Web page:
Welcome to Auction 39

Our 39th major auction is a long way from our first such sale in April of 1993. We began by noting “We have been publishing fixed price catalogs…for well over two decades. We are excited about assembling and publishing our first major bid sale.”

Well, we are still excited about our annual major sale. We start thinking about it a year in advance, seeking special items to feature. Our first auction catalog had well over 300 lots—gold coins (31 lots), Greek coins including a couple of rare staters from Crete, Roman Republican coins (23 lots), Roman through Ostrogothic, 122 English, Scottish and Irish coins, tokens, medals and a run of books. The photos were black-and-white at the end of the text.

This catalog is a strong successor to that early beginning. The photos are in color in the text. The mix is similar. The terms are little different. In 1993 we noted that “There is NO ten percent buyer’s fee.” The only change here is that hardly any auction firm now limits the buyer’s fee to ten percent.


Some thoughts on what we have found for this sale:

Gold coins in this sale range from ancient Greek, Roman, Byzantine, and Celtic to hammered English to an early 19th century US rarity. Many are affordable pieces that would make handsome additions to a collection. We put back some hammered English gold coins for this sale, enabling us to offer better quality pieces at a time of strong prices for high quality hammered gold.

The ancient Greek and Roman sections are representative of the broad and exciting world of ancient coins. Look for some exceptional tetradrachms, and many rare and special coins throughout. We had an old collection of ancient coins to pick from and the rarity and quality are exceptional, the estimates modest.

In addition to high quality British hammered coins, some exceptional foreign crowns, and a small group of Colonial and early American coins, two areas deserve special mention:

•The Frank Robinson Collection: In this sale we begin his collection of crowns—an exceptional run of high quality pieces. A “good Extremely Fine” crown with attractive old toning is a very satisfying piece to have in a collection. The pieces that particularly amazed me are the coins in the specimen and proof sets. To find complete sets with choice coins throughout is highly unusual. These sets are as fine or finer than any I have seen and when I talked with Frank about them he commented about how careful he had been in acquiring them.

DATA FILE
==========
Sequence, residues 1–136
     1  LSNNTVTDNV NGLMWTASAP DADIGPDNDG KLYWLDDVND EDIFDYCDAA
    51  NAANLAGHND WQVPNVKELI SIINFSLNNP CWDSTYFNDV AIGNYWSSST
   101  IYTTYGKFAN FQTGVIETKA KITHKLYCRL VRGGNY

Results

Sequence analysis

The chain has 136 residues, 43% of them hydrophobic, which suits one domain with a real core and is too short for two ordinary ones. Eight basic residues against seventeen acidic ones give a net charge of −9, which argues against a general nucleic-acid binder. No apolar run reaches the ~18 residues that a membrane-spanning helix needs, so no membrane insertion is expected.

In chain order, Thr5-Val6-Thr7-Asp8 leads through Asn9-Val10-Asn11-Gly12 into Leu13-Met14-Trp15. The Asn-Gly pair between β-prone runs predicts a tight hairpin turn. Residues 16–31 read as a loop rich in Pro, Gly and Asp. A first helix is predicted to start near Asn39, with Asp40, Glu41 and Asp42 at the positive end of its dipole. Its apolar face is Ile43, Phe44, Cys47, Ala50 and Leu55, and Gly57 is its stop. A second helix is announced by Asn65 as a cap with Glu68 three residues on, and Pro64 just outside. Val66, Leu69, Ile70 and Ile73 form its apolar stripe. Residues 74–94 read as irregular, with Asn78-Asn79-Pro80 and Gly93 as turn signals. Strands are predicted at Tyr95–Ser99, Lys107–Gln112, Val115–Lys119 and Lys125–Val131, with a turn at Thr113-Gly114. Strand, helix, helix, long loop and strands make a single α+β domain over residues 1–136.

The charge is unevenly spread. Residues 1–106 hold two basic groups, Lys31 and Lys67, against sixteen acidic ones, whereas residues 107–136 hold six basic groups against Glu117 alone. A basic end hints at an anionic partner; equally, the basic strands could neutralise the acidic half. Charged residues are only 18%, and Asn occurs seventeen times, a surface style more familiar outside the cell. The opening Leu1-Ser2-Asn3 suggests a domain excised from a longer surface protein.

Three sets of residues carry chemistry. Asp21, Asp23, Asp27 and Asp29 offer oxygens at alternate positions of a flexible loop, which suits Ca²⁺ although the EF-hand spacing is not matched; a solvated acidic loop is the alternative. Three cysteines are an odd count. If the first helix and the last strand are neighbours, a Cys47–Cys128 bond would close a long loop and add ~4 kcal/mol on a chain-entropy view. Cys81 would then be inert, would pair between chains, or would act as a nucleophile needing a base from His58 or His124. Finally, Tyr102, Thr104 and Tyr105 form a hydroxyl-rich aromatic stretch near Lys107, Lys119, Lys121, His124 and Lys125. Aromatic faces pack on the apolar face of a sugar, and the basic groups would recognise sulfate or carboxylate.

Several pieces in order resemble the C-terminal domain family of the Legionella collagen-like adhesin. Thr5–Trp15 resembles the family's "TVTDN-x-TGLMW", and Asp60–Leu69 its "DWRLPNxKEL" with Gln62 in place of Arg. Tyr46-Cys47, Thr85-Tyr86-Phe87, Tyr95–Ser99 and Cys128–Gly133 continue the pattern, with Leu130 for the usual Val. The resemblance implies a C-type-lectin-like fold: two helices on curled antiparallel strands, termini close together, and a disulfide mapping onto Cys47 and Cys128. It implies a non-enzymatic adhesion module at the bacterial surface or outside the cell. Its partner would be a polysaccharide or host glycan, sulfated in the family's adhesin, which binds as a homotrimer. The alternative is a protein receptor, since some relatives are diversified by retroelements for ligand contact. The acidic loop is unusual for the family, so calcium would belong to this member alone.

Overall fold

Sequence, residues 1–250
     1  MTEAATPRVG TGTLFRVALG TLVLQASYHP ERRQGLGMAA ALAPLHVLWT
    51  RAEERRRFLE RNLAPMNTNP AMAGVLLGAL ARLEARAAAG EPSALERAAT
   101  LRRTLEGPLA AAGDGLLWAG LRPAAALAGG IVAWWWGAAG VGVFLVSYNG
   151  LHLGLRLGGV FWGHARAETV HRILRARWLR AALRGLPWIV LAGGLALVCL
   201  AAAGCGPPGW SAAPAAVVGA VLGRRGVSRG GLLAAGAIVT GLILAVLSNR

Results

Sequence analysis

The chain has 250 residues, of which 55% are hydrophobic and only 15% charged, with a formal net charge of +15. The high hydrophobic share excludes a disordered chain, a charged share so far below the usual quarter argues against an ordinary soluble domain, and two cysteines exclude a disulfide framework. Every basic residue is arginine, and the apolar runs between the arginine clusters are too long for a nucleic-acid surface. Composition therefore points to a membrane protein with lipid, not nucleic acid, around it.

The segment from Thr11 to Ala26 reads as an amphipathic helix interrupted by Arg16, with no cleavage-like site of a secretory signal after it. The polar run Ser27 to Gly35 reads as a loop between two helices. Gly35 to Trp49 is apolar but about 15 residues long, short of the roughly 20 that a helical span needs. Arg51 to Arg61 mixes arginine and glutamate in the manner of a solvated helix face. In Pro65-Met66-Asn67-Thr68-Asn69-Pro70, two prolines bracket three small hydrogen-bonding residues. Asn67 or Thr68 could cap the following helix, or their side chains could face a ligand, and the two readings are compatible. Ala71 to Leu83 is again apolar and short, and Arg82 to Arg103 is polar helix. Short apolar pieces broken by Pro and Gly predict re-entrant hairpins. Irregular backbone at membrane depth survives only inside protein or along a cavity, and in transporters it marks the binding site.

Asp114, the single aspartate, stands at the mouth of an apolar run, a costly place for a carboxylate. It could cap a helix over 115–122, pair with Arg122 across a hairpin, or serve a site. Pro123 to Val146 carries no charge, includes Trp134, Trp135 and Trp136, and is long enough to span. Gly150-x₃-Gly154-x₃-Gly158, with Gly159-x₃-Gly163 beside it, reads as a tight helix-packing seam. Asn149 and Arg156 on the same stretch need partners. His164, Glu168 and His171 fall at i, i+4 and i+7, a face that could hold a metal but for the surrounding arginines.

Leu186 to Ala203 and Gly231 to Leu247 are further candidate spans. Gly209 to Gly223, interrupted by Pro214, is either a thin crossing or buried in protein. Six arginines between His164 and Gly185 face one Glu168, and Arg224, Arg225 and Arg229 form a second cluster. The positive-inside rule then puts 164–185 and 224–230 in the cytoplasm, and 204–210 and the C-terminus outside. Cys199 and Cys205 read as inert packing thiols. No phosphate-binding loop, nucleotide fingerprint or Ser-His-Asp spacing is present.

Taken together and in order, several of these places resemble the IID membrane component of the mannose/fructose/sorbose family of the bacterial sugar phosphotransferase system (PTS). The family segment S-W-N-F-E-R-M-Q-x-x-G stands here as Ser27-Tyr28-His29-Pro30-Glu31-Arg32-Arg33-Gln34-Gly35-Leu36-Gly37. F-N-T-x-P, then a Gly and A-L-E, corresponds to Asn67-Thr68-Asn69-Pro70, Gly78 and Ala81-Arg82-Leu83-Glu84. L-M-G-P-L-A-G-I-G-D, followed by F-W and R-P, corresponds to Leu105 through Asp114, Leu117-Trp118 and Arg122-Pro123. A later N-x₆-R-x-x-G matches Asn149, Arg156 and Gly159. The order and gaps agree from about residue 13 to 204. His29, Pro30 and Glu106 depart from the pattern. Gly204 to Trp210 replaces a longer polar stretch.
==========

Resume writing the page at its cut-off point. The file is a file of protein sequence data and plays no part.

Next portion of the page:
•The Mike Sussman Collection of British Tokens is a strong sampling of some of the best and scarcest tokens in his nearly 500 piece collection. He formed the collection over the past few years picking up material from such major sales as the Baldwin Basement Sale series. He sought the best possible quality and was willing in many cases to pay a premium. The estimates are conservative and many of the rarities are pieces you seldom see. (We offered his Pidcock tokens in an earlier sale and one of the pieces sold was an RRR piece that Waters reported as “not traced.”) For all the years I have worked with tokens I was surprised myself to see a few pieces I had not seen before and that were even lacking in the massive 1998 Noble sale.


When I look back at our old catalogs I see things that I will not see again. Some coins are available almost anytime if you are willing to pay the price. Some things are here now but may well end up gone for generations. Some of what we offer fits in this latter category. Each of our sales has had items that I now realize were a fleeting opportunity. 

Thank you for your ongoing interest and support. I hope you enjoy this sale.

Allan Davisson

Tuesday, February 11, 2020


How Bidding Works


Davissons Ltd uses a soft close for its auctions, which means no lot closes until everyone is done bidding. Every time a bid is placed within the final 40 seconds of a lot closing, the timer is reset to 40 seconds. This continues until no bids are placed for 40 seconds, at which point the lot closes. There will never be more than one lot closing at once, as the next lot is not allowed to begin closing until the current lot closes.

To bid: enter your maximum bid into the text box, and click submit. Only round dollar amounts are accepted. You are then required to confirm your bid. Once confirmed, all bids are final. If you have placed a bid in error you must call during office hours and speak to one of us. If you are the current high bidder then it will display “Current High Bidder: YOU” If you are not the high bidder, or if you are not logged in, then the current high bidder will be identified by their 5 digit client ID. You may find your client ID under the Account tab.

Bids are reduced automatically, so feel free to bid your maximum and it will be reduced to one increment over the current high bid. If a user places a bid that is higher than necessary to be the current high bidder on the lot, the displayed bid will reflect one advance over the next lower bid. For example, if a user "A" places a bid of $120 on a lot which opens at $100, "A" will be winning that lot at $100. If another user "B" bids $110, the winning bidder will be "A" at $120, one advance over the supporting bid of $110. If user "B" in this example instead placed a bid at $120, then user "A" will still be winning at $120 because they placed that maximum bid value first.

Increments can be viewed here. The next bid will always be on the next increment, so if a user is winning a lot at $100, or $105, or $109, the next bid will still always be $110.

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